By Ruth Abbey Gita-Carlos
MANILA – President Ferdinand R. Marcos Jr. said Friday he prefers to do the “hard things” while he is the head of the Department of Agriculture (DA) before appointing someone to take over the post.
In a media interview in Switzerland before traveling back to Manila, Marcos said he would only name a successor once he is able to tick off the bucket list for the DA.
“All the hard things, ‘yung mahirap gawin ngayon namin gagawin. ‘Pag nagawa na namin ‘yung mga bucket list namin, natapos na namin, aalis na ako (I will do all the hard things now. Once I have already ticked off the bucket list and accomplish everything, I will leave). Then I will give it to somebody else,” Marcos, who concurrently serves as DA secretary, said.
In August 2022, the President said he has three “dreams” for the country’s agriculture sector – sustainable livelihood for farmers, food security, and affordable food for all.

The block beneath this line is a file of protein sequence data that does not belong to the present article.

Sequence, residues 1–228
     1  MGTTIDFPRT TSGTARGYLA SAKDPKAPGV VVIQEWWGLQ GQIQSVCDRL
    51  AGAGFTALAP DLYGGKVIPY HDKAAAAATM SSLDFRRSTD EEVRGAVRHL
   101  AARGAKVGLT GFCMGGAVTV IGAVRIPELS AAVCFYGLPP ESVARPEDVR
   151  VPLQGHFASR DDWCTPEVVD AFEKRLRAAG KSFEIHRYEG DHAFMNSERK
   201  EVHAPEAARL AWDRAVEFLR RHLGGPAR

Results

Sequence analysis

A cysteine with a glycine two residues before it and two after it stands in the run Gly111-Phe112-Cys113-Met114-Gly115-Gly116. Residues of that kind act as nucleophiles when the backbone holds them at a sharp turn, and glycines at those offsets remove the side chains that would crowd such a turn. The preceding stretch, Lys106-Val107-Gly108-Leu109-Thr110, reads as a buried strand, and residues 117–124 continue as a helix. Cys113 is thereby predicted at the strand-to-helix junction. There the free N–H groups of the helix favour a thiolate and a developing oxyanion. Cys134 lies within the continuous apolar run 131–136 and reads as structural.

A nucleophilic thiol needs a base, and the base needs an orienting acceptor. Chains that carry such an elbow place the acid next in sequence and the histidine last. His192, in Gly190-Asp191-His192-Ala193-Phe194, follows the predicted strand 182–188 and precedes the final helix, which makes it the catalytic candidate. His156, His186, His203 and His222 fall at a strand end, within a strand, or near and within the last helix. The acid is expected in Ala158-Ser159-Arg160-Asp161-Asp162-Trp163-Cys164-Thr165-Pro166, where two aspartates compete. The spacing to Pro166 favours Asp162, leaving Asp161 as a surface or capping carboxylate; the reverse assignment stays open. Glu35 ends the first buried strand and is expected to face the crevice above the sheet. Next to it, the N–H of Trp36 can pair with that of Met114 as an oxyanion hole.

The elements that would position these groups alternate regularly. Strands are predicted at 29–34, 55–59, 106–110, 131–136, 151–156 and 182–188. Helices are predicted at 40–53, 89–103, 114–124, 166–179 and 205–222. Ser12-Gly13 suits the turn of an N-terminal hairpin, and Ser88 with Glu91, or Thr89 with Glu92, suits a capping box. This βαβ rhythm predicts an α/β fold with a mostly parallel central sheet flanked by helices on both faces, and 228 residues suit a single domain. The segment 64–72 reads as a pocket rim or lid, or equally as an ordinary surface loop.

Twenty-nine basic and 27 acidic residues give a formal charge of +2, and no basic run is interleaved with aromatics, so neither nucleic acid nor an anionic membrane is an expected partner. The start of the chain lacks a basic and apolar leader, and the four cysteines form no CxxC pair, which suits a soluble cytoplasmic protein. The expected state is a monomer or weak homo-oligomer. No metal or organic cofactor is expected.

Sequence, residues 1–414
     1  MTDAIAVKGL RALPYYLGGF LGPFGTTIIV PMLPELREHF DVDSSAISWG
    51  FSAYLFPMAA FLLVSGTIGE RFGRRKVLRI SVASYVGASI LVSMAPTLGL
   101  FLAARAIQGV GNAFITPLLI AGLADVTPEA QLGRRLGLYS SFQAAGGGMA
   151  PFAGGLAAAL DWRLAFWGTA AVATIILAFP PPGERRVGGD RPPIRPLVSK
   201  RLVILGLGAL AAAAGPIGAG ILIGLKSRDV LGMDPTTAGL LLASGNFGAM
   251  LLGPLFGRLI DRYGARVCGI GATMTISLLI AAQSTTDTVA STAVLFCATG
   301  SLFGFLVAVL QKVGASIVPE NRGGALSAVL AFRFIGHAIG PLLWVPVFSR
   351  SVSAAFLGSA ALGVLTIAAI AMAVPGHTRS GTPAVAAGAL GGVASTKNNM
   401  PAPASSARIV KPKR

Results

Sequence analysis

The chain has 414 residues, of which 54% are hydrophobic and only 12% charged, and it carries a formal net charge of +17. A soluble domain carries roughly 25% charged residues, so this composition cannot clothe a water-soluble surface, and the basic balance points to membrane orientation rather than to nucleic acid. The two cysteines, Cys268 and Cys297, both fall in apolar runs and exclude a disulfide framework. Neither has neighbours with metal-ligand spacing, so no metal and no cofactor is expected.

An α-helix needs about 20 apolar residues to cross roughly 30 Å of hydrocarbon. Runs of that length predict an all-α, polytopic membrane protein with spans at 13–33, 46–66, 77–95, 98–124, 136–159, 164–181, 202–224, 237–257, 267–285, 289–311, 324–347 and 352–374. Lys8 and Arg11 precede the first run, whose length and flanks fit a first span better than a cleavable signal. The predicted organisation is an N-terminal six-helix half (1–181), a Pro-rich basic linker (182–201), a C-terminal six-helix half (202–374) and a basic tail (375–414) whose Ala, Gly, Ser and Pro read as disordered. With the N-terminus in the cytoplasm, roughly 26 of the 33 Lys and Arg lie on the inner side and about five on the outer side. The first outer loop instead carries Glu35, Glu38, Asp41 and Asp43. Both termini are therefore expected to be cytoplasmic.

In November last year, he said it would take some time before he finally gives up the DA portfolio, as the list of candidates to replace him “keeps changing.”
When asked if he is considering appointing a retired military or police general as his successor, Marcos said, “No.”
The position, he said, should be held by someone who is an expert in the field of agriculture.
“Kailangan eksperto sa agrikultura ([My successor] must be expert in agriculture). Agriculture is a very complicated subject. Hindi lang kung sino-sino basta’t magaling mag-manage (You cannot appoint just anybody there to manage [the DA]). They have to understand the science… They have to understand the solution. They also have to understand the system,” he said.
“Unless, they’re involved in agriculture. Mayroon naman nag-retire diyan (There are people who retired), they got heavily involved in agriculture, baka marunong na talaga sila (they might be knowledgeable), why not?”
Marcos decided to temporarily head the DA to address the looming food crisis in the country, weeks after he assumed the presidency last year.
He had said the problems in the agriculture sector are “deeply embedded” and “so difficult that it will take a president to change and turn it around.” (PNA)